Revising a March 2022 recommendation, the Food and Drug Administration (FDA) said thyroid monitoring for young children three years of age and under receiving iodinated contrast media (ICM) in relation to contrast-enhanced computed tomography (CECT) can now be reserved for those with risk factors including prematurity, low birth weight or conditions affecting thyroid function.
Amending a previous recommendation of thyroid monitoring for all children three and under who received iodinated contrast media (ICM) in relation to contrast-enhanced computed tomography (CECT) and intravascular procedures, the Food and Drug Administration (FDA) recently announced the thyroid monitoring recommendation is now reserved for high-risk children in this age group.
Jonathan R. Dillman, M.D., MSc, co-authored an American College of Radiology (ACR) critique of the FDA’s previous March 2022 guidance that had recommended universal thyroid monitoring after ICM administration in the aforementioned pediatric population.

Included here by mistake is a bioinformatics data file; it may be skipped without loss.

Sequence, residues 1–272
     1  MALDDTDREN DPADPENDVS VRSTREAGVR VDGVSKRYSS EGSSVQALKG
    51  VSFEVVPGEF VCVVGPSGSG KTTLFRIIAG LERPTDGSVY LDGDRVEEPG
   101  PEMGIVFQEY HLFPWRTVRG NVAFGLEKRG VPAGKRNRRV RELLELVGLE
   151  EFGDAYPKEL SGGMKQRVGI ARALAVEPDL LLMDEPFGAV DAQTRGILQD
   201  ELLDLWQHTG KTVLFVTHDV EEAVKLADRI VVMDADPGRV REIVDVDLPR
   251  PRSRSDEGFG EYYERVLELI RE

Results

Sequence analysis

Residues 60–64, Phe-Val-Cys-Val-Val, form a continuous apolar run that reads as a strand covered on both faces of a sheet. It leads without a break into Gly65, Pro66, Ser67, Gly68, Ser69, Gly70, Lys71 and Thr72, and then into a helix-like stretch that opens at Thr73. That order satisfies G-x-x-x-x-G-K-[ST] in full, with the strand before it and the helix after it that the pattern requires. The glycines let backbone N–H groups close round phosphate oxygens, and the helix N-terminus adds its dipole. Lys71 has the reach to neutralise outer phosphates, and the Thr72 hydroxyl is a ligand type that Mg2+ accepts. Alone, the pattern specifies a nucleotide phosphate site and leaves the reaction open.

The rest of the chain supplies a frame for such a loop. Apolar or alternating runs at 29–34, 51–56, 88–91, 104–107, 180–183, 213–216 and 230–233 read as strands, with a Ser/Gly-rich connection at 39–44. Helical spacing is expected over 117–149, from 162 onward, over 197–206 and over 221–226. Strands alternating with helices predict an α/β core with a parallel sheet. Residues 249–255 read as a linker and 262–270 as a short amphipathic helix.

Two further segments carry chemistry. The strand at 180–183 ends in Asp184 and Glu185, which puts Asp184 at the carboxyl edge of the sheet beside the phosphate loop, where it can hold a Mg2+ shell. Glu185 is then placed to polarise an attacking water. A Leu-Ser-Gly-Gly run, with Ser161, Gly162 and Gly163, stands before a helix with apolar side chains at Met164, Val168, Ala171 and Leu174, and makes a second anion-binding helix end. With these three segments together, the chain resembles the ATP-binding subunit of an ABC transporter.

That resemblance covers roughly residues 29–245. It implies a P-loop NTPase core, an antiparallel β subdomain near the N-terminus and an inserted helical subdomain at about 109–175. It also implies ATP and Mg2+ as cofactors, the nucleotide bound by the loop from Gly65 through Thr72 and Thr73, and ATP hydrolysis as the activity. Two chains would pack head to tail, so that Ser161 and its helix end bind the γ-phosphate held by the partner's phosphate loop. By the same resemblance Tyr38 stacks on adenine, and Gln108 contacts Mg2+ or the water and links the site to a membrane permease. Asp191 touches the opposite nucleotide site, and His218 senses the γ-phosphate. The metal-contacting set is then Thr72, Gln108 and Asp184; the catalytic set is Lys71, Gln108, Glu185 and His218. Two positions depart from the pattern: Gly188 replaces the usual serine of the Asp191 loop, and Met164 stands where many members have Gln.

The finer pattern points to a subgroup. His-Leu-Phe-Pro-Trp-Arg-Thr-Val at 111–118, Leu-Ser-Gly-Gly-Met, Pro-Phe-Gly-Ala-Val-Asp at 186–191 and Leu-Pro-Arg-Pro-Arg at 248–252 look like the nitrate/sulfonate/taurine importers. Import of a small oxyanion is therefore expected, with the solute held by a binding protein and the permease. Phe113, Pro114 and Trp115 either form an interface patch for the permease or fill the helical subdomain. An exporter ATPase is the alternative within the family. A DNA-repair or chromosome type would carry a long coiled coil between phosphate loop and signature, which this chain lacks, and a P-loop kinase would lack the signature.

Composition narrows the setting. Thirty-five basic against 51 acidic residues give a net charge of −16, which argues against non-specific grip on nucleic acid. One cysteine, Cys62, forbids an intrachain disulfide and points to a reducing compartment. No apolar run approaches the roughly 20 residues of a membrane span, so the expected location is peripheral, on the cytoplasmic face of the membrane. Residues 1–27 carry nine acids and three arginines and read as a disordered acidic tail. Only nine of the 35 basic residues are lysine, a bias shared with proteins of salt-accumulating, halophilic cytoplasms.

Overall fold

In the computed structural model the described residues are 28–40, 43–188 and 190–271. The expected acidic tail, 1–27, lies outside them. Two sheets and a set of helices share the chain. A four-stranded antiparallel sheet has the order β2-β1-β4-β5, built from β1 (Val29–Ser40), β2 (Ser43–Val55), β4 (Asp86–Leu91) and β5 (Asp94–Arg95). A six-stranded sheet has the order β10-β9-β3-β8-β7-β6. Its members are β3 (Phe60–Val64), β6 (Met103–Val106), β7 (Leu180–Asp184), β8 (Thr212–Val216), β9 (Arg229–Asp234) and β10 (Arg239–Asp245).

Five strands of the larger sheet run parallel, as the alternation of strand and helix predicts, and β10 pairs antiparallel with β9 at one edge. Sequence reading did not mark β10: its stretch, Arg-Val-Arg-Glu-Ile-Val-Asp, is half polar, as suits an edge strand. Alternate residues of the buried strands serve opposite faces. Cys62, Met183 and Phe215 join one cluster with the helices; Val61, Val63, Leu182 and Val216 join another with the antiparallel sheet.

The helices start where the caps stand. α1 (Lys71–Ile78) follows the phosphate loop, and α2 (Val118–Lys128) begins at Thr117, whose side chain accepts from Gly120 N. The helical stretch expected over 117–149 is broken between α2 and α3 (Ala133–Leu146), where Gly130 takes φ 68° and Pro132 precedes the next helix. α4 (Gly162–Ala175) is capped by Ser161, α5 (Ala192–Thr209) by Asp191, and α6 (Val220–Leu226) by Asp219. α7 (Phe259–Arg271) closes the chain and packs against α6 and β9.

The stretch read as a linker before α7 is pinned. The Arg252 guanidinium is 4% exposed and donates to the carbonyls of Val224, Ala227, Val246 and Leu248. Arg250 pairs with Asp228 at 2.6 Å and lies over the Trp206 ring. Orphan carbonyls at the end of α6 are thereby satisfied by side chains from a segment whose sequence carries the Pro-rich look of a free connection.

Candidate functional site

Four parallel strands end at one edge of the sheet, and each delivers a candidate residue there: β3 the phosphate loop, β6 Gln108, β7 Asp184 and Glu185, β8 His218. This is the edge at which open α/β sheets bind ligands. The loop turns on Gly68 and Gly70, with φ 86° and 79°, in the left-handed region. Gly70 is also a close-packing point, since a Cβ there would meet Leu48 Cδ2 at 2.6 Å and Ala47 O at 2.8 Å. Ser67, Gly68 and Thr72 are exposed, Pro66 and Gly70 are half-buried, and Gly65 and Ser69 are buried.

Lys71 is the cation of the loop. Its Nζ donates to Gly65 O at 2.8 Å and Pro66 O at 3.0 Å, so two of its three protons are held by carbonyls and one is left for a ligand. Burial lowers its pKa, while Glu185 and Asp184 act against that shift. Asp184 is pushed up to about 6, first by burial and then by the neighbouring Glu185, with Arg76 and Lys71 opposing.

In a July 2022 video interview, Dr. Dillman emphasized that the available literature did not support universal thyroid monitoring for these patients. He noted there was a lack of prospective data and control groups in the majority of the 11 studies cited by the FDA in its March 2022 recommendation.
Most of the cited studies focused on high-risk pediatric patients ranging from neonates to those suffering from congenital heart disease, pointed out Dr. Dillman, the associate chief of research in the Department of Radiology and the medical director of the Imaging Research Center within the Division of Radiology at the Cincinnati Children’s Hospital Medical Center.
In the April 26, 2023 updated guidance, the FDA recommended that thyroid monitoring after injection of ICM in children three years of age or under “ … be individualized based on each child’s risk factors. These risk factors may include prematurity, very low birth weight, and underlying medical conditions affecting thyroid function.”
“I want to thank the FDA for thoughtfully reconsidering this matter and adopting a more patient-centered and tailored response consistent with scientific evidence presented by ACR experts,” noted Dr. Dillman in a recent statement from the ACR. “The FDA’s recent action allows us to proactively protect the at-risk children, while allowing those unlikely to benefit from the prior well-intended action to avoid unnecessary care, travel, expense, and concern.”